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No Ball Games, 2009


No Ball Games


No Ball Games

Location: Tottenham High Road and Phillip Lane, London, England
No Ball Games first appeared a an artwork on canvas in 2006 at Barely Legal, Banksy‘s seminal exhibit in Los Angeles. However, in this first version, kids are playing with a TV displaying the image of a ball… Three years later, Banksyreproduced the piece as a spray-painted mural in Tottenham in North London, on a shop wall at the junction between Tottenham High Road and Philip Lane.
No Ball Games, Barely Legal, 2006
No Ball Games portrays two children playing outside with what appear to be a sign that reads, “NO BALL GAMES” as if it were a ball itself. The image, portrayed in Banksy’s iconic stencil-style, is obviously rich with irony. The artist is making a social comment on how even basic children’s activities seem to be now controlled and regulated, thus maybe even encouraging children (and adults) to break rules.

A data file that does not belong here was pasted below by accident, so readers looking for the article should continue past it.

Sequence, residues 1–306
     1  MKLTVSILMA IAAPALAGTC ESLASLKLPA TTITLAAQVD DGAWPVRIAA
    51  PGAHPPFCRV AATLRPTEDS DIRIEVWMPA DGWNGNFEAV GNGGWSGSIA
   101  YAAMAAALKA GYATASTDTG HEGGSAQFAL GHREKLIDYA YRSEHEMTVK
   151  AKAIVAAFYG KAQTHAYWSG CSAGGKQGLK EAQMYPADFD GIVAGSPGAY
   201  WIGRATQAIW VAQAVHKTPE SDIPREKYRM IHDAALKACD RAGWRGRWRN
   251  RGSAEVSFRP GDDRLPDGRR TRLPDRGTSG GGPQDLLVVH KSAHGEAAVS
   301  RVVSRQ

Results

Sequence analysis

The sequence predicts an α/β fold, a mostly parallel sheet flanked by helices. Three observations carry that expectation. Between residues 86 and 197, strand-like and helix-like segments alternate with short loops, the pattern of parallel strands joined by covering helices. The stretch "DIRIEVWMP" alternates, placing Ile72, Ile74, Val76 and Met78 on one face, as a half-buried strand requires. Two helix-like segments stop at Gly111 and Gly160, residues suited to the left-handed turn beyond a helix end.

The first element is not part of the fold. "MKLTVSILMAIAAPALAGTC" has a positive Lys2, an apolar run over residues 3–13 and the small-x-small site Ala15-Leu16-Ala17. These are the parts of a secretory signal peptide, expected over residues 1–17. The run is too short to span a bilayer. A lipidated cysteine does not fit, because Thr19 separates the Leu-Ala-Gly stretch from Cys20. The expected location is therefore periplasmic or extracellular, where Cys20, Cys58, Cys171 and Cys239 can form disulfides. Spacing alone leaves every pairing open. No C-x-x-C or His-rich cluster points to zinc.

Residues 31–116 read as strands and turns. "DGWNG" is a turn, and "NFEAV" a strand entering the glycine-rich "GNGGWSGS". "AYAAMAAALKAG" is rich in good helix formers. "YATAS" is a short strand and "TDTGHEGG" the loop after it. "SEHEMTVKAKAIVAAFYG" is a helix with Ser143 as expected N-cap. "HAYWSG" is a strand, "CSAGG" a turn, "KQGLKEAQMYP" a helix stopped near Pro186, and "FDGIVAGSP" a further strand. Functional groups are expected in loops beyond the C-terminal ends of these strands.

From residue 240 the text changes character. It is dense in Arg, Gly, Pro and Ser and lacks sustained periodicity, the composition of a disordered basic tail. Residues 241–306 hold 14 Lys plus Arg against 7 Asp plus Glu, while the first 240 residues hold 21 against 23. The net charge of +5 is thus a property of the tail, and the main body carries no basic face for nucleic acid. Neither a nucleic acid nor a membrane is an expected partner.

The irony of No Ball Games critiques the rules that Banksy believes restrict society on a daily basis. Banksy mocks overprotective governments, or “nanny states,” interfering with personal choice, implying that even innocent, everyday children’s activities like playing ball outside are controlled by the state. Obviously, the children should be taken more widely as symbols for people in general, constantly under surveillance and regulation by a higher authority against the artist warns us.
In 2013, the mural in Tottenham was removed from the wall and divided into three parts and sold to benefit disadvantaged children.
Banksy released an edition of screen-prints on paper in two colorways in 2009: Green and Grey, each in an edition of 250 signed prints.
No Ball Games (Green), 2008
Edition: 250